Graduate degree completion: Associations with alcohol and marijuana use before and after enrollment
JournalAddictive Behaviors Reports
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AbstractResearch has shown that alcohol and marijuana use are associated with academic performance difficulties, but the relationship to completion of a graduate degree has not been explored. Undergraduate students (n = 1253) were assessed during their first year of college and annually thereafter until age 29. Among the subset of the original sample who enrolled in graduate school (n = 520), measures of alcohol and marijuana use were averaged separately for the time periods before and after graduate school enrollment. Logistic regression models were developed to examine the associations between these variables and graduate degree completion, adjusting for other factors. In general, a minority of the sample were excessive drinkers or frequent marijuana users. The majority of drinkers (70%) drank an average of twice a week or less each year, and 62% of marijuana users used marijuana once a month or less each year. After adjusting for demographic and program characteristics, marijuana use frequency after graduate school enrollment was negatively associated with odds of graduate degree completion. Alcohol use frequency before graduate school enrollment was positively associated with odds of graduate degree completion. Results add to the growing body of literature on marijuana use and decreased academic achievement, but results should be interpreted with caution given the small, but significant, effect sizes found. The positive association between alcohol use frequency and degree completion might be attributed to engagement in the academic environment. Future studies should examine the potential mechanisms through which alcohol and marijuana use are related to the academic achievement of graduate students. © 2018 The Authors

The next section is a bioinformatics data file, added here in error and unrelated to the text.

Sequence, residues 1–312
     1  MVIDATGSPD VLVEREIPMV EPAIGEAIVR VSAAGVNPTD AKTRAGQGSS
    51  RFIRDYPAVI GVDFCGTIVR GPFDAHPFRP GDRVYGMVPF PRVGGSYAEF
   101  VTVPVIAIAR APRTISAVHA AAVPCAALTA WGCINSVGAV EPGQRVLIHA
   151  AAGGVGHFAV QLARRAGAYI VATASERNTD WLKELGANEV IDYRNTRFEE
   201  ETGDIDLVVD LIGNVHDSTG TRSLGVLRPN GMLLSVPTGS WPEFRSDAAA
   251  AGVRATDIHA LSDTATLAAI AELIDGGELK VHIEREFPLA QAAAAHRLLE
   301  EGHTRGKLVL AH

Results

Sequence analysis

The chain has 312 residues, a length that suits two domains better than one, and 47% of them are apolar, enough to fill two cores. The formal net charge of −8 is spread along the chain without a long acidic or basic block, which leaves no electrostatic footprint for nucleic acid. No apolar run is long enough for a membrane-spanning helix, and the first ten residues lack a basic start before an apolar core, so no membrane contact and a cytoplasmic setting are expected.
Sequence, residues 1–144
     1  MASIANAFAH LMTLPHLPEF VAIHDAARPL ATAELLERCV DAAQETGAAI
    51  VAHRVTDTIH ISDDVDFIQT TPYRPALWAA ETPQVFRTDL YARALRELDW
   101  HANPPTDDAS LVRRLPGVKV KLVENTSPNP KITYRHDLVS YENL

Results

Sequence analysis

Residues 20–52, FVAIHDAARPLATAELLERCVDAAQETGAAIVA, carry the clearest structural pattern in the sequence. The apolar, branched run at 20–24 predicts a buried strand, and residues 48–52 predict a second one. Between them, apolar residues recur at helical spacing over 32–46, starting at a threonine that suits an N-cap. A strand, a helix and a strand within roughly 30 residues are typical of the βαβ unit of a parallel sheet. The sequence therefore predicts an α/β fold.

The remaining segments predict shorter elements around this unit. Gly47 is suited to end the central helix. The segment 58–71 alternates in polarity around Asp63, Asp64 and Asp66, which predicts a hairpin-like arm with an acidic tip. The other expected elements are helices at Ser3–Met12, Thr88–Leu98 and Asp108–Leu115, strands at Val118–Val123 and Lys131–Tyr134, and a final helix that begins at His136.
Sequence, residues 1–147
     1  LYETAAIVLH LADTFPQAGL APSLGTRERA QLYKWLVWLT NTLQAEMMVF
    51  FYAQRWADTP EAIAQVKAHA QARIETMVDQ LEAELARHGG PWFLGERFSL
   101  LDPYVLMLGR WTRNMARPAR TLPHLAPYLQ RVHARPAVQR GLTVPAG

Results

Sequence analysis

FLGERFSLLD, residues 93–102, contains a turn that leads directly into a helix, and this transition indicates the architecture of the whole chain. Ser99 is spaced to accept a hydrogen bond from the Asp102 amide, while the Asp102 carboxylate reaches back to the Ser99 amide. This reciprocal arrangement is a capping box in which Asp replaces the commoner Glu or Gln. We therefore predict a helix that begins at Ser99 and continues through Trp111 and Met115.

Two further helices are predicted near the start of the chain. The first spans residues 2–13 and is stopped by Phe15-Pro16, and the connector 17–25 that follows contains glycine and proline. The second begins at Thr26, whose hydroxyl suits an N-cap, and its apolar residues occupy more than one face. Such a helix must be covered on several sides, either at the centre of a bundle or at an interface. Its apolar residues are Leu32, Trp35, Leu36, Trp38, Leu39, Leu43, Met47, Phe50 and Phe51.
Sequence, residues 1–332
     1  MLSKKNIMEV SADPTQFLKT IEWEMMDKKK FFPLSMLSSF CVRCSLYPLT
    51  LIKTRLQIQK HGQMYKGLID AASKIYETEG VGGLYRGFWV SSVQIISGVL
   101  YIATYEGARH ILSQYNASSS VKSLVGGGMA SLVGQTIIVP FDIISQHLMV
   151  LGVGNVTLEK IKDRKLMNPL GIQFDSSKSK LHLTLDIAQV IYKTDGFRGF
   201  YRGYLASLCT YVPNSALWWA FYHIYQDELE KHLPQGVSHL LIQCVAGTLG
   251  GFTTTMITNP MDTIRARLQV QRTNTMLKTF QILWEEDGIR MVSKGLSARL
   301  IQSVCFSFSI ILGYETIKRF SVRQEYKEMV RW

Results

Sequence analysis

SponsorsThis work was supported by the National Institutes of Health , National Institute on Drug Abuse under Grants R01DA14845 and U01DA040219 . The findings and conclusions of this study are those of the authors and do not necessarily reflect the views of the National Institute on Drug Abuse, the National Institutes of Health, or the U.S. Department of Health and Human Services. NIDA had no role in the study design, collection, analysis, or interpretation of the data, writing the manuscript, or the decision to submit the paper for publication.
Identifier to cite or link to this itemhttps://www.scopus.com/inward/record.uri?eid=2-s2.0-85059517954&doi=10.1016%2fj.abrep.2018.100156&partnerID=40&md5=55945fa7bb04c8d779a542255f3d16d3; http://hdl.handle.net/10713/8573